Sunscreen may be good for your skin, but some kinds are not necessarily the best for the environment
Last month, Will Espero, a Hawaiian state senator, proposed a bill that would ban the sale of chemical sunscreens containing oxybenzone and octinoxate across the islands. Prescriptions for the sunscreen would be allowed.
Why? A ton of sunscreen winds up in the global coral reef system every year — 14,000 tons, to be exact — and research indicates that oxybenzone can lead to coral bleaching. Some studies suggest one drop is even enough to damage the reefs.
To those who know the underwater world well, this isn’t new news. Many divers are warned to steer clear of chemical sunscreens — when we swim, after all, lotion can bleed off onto the reefs.
According to Hawaii's Department of Land and Natural Resources, "researchers have found oxybenzone concentrations in some Hawaiian waters at more than 30 times the level considered safe for corals."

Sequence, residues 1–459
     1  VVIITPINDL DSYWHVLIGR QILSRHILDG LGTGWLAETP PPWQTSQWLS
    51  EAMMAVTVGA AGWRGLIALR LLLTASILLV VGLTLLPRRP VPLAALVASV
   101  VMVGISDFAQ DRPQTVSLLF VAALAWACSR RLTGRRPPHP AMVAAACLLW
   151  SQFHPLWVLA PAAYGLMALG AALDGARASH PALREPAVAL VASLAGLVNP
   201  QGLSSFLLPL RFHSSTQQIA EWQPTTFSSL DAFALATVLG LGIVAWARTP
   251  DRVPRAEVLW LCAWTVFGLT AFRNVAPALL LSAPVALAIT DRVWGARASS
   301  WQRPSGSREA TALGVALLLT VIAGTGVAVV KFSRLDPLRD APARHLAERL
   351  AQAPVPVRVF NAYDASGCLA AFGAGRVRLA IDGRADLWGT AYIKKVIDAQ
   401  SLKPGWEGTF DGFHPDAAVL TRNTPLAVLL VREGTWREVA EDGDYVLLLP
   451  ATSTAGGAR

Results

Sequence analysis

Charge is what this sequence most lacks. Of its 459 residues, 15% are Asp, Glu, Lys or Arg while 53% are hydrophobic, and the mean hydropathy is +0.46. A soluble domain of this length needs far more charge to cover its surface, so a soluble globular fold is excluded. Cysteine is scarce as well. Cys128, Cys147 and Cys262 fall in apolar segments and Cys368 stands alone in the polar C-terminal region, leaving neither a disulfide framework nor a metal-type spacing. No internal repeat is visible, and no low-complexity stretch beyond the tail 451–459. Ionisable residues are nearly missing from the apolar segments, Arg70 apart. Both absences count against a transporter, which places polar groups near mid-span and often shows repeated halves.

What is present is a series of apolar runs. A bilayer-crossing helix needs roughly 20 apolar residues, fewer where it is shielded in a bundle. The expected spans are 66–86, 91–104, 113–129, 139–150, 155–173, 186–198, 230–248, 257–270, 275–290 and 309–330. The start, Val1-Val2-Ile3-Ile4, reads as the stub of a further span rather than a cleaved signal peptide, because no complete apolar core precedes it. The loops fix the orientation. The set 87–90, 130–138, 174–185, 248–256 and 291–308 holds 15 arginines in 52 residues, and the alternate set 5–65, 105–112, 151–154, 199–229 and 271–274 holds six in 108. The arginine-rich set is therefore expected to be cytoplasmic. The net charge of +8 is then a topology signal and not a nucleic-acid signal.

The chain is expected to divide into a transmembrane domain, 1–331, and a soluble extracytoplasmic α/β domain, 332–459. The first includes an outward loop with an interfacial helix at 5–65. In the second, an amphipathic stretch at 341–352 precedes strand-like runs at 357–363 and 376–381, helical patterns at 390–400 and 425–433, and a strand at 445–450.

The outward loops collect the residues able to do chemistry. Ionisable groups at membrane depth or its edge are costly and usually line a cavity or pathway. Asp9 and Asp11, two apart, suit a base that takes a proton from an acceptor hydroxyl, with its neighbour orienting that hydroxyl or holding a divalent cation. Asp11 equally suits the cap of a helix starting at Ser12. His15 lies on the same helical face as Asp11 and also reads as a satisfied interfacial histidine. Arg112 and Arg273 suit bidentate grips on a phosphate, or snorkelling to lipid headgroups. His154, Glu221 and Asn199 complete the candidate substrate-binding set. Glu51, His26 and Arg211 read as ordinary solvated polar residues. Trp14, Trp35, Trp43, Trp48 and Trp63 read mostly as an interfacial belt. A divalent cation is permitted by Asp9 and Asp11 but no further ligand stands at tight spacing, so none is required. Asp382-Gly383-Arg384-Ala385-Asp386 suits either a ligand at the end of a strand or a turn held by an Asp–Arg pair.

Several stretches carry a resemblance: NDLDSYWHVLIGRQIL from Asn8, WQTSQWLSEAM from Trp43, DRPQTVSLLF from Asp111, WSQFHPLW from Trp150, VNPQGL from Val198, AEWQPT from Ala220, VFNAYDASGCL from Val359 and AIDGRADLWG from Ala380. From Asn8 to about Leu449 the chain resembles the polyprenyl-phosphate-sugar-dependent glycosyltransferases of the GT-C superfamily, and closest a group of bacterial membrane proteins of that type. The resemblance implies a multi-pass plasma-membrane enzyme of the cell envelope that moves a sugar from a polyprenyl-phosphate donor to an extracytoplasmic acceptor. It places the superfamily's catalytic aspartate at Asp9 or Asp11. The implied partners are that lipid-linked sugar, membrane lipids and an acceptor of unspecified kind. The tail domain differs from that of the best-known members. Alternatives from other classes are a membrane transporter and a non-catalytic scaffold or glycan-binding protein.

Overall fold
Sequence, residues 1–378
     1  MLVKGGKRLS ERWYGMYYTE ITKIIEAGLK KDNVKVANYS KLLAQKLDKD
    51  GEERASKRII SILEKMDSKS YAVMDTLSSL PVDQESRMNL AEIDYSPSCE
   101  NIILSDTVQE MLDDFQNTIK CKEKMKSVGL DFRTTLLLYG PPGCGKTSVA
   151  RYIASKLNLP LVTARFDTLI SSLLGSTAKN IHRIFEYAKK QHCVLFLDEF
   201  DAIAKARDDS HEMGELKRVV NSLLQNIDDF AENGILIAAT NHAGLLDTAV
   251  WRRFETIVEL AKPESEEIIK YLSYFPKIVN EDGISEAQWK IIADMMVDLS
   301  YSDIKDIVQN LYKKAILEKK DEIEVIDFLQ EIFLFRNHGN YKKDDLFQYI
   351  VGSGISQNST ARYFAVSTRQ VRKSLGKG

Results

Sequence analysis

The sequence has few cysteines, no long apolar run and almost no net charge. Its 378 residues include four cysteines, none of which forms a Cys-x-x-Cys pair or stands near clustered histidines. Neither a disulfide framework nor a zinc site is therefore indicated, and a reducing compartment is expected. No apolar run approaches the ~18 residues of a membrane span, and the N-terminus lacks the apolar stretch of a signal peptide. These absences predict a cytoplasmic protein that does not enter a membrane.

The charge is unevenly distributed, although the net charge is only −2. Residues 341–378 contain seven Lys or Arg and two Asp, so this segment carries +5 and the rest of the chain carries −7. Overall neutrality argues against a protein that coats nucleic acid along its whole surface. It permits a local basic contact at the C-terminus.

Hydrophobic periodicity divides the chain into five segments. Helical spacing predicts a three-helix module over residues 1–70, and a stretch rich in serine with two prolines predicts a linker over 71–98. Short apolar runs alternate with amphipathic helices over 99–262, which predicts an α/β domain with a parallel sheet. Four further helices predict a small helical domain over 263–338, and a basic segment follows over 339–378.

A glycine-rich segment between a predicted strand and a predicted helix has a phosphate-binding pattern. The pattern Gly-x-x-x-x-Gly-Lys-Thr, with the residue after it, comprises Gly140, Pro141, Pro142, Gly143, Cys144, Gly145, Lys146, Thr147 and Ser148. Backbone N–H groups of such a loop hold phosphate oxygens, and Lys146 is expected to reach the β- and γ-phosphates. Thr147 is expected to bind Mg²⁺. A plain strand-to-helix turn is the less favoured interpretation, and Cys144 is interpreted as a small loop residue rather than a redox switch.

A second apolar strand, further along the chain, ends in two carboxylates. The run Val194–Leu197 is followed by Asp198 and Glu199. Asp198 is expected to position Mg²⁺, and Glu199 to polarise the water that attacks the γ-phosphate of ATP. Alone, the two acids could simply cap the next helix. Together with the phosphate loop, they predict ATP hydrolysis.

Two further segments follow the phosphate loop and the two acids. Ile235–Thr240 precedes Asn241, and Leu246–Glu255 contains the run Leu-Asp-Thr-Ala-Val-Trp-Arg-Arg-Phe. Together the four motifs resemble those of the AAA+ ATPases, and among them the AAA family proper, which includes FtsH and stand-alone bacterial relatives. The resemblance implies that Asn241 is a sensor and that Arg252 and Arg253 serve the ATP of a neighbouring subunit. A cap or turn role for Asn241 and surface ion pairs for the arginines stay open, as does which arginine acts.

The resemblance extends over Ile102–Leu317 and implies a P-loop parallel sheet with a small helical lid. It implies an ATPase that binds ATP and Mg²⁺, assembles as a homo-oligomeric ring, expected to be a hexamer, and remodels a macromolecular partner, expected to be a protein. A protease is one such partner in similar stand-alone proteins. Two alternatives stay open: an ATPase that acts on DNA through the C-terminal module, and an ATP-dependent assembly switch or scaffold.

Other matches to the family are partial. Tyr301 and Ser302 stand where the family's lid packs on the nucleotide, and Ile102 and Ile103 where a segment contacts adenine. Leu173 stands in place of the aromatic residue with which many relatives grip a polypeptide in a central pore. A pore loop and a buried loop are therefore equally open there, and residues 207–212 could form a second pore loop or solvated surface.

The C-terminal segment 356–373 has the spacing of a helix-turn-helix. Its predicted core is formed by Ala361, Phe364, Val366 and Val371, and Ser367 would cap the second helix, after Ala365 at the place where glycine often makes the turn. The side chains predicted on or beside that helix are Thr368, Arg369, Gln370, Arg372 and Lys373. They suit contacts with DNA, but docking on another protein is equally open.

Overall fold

The beaches of Maui, specifically, have already suffered the consequences, reports Scientific American.
Of course, the bill isn’t a suggestion to skip SPF on the sunny beaches of Hawaii. After all, there are two kinds of sunblock: Chemical blockers use ingredients like oxybenzone and octinoxate to absorb UV radiation from the sun, preventing it from causing damage. But physical (or mineral) sunscreens, with ingredients like titanium dioxide and zinc oxide, block UVA and UVB rays from ever reaching your skin; and the National Park Service says these have not been found to harm the reefs.
Even better: Dermatologists agree that physical blocks are gentler on your skin. Good for you, good for the environment, and no painful sunburns in sight? We’d say that’s a win-win(-win).